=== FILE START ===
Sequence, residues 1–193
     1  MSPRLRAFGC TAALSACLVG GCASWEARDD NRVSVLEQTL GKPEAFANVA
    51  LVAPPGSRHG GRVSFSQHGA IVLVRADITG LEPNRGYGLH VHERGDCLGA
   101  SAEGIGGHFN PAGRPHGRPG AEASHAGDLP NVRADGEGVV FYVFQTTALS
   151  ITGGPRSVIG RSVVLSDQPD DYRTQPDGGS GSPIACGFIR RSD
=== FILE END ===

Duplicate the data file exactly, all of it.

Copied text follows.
Sequence, residues 1–193
     1  MSPRLRAFGC TAALSACLVG GCASWEARDD NRVSVLEQTL GKPEAFANVA
    51  LVAPPGSRHG GRVSFSQHGA IVLVRADITG LEPNRGYGLH VHERGDCLGA
   101  SAEGIGGHFN PAGRPHGRPG AEASHAGDLP NVRADGEGVV FYVFQTTALS
   151  ITGGPRSVIG RSVVLSDQPD DYRTQPDGGS GSPIACGFIR RSD